One Mother's Story
The first call came on a Wednesday night, about 10:30 New York time, in May of 1990. It came from Gretchen, my daughter-in-law of almost a year. She told me that her husband, my 24-year-old son Joseph, was in a hospital in Long Beach, California. When I asked what was wrong, Gretchen replied: "His doctor says he has AIDS."
Not HIV -- full-blown AIDS. As we would come to appreciate, Joseph had been sick for some time. Finally, he got sick enough that Gretchen took him to the emergency room of a hospital near their new home in Long Beach, where the attending physician who examined him thought Joseph might have a bad cold, or maybe bronchitis. It could even be pneumonia, the doctor ventured. But it was not until Joseph passed out on the floor of the emergency room that anyone thought to order a bronchoscopy.
That test showed that Joseph had pneumocystis pneumonia -- which, as his doctor thoughtfully pointed out, even before any other test results were back, "is always AIDS-related." The reason it had taken the hospital staff so long to make the diagnosis, we were told, is that Joseph was married, did not appear to be gay, and did not seem to be an IV-drug user. Who would have thought?
Who indeed? Not his wife, certainly. Not his mother. And not Joseph himself. Later we remembered the blood transfusion that Joseph had received, many years earlier, when he hemorrhaged during a routine tonsillectomy, but at the time we could think of no act or event that would have put him at risk of HIV infection. To me, the whole idea of AIDS was unfathomable, unbelievable, unacceptable. I was so sure that Joseph had been misdiagnosed that I told Gretchen to have the doctor call me as soon as he could. I needed confirmation from him that this implausible, impossible news was actually true.
While I waited for his call, I swung into action. I called United Airlines, explained my situation, and got them to give me a seat on the first flight out the following morning. I called my boss, who told me to take as much time off as I needed, and who arranged for a car service to take me to the airport the following morning. And then I began calling my friends, beginning with the ones I thought would be best able to help me understand what Joseph, Gretchen, and I were facing. By the time the doctor called, I had already begun to accept the fact that the unthinkable had somehow happened.
I arrived at my son's bedside less than 15 hours after I got Gretchen's call. I had last seen the two of them nine months before, on their wedding day. On that occasion Joseph was a robust 250 pounds, and we had jokingly referred to him as "Bear." The man lying in that hospital bed was no bear. In the intervening months he had lost 75 pounds, as the unchecked infection ate him from inside. He was gaunt and gray; he was sweating profusely; he had tubes in his arms, his nose, his mouth, his penis. Nutrients, oxygen, and medications flowing in; wastes flowing out -- a great humming, sucking apparatus, keeping him alive.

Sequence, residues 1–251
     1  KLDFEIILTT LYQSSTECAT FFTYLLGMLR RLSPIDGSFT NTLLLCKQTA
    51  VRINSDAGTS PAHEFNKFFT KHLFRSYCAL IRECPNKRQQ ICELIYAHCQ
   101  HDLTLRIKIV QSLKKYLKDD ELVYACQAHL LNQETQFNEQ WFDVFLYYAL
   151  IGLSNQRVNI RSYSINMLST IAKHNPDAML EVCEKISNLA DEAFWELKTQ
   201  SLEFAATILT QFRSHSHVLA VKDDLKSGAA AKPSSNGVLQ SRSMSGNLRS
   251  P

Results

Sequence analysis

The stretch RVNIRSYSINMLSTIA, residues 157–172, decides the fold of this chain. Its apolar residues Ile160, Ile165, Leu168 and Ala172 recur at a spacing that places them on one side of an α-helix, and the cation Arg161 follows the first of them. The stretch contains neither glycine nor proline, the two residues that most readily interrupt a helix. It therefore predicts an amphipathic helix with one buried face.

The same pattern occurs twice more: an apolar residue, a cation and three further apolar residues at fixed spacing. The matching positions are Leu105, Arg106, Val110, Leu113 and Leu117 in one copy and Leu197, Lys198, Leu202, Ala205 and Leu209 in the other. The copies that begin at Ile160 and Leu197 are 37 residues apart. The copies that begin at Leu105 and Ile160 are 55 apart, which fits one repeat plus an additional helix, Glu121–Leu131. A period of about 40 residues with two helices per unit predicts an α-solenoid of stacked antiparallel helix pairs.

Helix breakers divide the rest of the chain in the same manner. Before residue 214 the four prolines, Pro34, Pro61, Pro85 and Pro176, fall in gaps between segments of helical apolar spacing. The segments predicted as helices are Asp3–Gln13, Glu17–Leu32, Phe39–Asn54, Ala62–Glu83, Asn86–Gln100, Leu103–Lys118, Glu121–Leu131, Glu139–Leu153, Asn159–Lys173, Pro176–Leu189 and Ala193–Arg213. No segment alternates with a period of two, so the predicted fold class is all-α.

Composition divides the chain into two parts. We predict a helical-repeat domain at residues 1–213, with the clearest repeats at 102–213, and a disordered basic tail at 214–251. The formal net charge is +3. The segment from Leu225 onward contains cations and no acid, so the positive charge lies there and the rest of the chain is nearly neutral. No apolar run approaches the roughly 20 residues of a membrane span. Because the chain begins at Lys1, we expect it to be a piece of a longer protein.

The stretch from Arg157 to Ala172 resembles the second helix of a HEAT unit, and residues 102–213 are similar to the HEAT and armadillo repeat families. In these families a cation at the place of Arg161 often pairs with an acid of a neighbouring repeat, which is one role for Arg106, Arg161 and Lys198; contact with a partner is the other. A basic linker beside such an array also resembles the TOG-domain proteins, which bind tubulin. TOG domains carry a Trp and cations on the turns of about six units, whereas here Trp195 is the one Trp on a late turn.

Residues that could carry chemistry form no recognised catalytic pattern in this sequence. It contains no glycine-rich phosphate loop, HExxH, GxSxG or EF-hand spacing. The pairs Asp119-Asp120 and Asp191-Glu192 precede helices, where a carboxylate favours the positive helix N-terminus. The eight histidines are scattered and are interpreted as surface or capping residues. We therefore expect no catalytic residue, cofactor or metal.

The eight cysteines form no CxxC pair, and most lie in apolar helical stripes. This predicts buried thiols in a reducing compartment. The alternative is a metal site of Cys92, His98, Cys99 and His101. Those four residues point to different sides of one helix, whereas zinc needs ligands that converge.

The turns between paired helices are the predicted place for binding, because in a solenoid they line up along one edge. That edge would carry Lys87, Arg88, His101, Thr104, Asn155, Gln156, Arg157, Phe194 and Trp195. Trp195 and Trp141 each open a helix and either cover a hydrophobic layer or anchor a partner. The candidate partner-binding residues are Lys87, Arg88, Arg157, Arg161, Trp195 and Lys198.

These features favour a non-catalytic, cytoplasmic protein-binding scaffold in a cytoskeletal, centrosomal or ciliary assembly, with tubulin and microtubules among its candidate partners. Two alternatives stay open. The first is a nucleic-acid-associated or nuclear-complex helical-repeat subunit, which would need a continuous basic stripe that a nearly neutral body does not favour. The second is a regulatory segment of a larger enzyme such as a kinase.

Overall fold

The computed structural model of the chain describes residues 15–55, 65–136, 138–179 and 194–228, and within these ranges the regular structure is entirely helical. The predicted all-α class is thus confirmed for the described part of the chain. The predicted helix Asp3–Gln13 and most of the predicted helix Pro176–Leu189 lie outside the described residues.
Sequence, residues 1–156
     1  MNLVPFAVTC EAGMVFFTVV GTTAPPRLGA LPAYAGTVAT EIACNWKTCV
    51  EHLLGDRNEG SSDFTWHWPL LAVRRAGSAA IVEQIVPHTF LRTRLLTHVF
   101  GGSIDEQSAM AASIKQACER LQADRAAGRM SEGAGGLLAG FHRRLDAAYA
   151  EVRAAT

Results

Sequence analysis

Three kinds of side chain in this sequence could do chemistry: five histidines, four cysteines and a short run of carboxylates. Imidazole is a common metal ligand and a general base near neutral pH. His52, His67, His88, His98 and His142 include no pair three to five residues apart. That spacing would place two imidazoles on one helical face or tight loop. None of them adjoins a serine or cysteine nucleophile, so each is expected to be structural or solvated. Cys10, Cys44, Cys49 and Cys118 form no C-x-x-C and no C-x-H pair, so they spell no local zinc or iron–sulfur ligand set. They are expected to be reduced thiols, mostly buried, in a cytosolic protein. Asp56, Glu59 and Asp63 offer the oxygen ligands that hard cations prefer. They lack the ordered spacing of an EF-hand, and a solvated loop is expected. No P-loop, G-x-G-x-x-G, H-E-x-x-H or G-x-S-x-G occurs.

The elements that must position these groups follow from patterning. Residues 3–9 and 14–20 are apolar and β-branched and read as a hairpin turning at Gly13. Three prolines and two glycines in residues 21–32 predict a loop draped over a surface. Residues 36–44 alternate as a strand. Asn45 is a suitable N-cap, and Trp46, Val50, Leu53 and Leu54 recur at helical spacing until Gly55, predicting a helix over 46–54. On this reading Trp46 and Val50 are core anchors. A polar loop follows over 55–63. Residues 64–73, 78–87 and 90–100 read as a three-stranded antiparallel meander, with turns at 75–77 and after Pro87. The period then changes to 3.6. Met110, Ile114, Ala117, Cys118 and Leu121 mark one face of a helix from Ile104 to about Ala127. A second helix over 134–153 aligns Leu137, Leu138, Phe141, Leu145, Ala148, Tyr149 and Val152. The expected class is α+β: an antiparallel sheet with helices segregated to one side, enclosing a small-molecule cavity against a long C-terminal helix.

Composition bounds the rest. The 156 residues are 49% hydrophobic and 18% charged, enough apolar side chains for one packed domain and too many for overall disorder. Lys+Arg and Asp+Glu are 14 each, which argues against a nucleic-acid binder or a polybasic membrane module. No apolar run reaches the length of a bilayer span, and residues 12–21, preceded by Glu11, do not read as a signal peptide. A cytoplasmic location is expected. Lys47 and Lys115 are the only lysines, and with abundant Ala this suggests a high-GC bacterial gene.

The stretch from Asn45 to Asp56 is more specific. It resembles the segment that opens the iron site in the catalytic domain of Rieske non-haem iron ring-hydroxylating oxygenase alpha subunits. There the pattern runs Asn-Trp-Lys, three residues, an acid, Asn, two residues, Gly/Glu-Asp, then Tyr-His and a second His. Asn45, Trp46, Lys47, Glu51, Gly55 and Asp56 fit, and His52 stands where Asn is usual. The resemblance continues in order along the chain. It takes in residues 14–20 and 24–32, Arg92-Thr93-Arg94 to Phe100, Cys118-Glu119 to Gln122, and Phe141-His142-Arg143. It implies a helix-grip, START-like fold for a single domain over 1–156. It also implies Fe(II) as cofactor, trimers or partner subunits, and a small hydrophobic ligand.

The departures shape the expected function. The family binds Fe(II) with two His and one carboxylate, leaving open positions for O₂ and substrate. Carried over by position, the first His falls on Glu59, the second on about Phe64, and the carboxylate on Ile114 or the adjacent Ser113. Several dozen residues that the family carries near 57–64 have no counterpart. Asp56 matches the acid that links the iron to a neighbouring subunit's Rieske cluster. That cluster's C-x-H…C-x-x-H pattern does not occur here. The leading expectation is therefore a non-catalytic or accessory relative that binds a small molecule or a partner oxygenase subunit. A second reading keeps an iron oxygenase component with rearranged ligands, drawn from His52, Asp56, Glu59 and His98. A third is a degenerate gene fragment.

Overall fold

I did what a mother does in such circumstances: I climbed into his bed, gathered him in my arms, and told him it wasn't time yet: the army had arrived, and the fight had just begun.
By that night Joseph was breathing on his own, but Joseph's doctor told me the future did not look promising and he urged me to let everyone who was important in my son's life know about his situation. The doctor asked me what it was that Joseph wanted most in life, and when I said "a family" he left the room in tears.
Over the next few days I got a crash course in living with AIDS -- which is very different from living with HIV. But mostly I waited for Joseph to recover his health and his willpower. He had been a stubborn little boy, and now I desperately wanted to engage that stubborn streak of his. I had to make him believe that if he dug his heels in, if he resisted being pulled down, physically and emotionally, he could live with AIDS. I believed then -- as I do now -- that if we can keep our PWAs alive in spirit, we've got half the battle won. The rest is up to the healthcare profession.
When Joseph went home, I went with him. I cooked, and he ate. I shopped and cleaned. I helped Gretchen finish unpacking the crates and boxes that were left over from their recent move. And at the end of three weeks I discovered, much to my surprise, that there was not much more I could do. It was time for me to go home.
The next two years were marked by successive bouts of encephalitis, pancreatitis, and a host of other-itises that I'd never heard of. Like so many other AIDS patients at that time, Joseph tried a succession of drugs, alone and in combination. Some seemed to help, at least for a while. Others hurt, causing nausea, fevers, and diarrhea.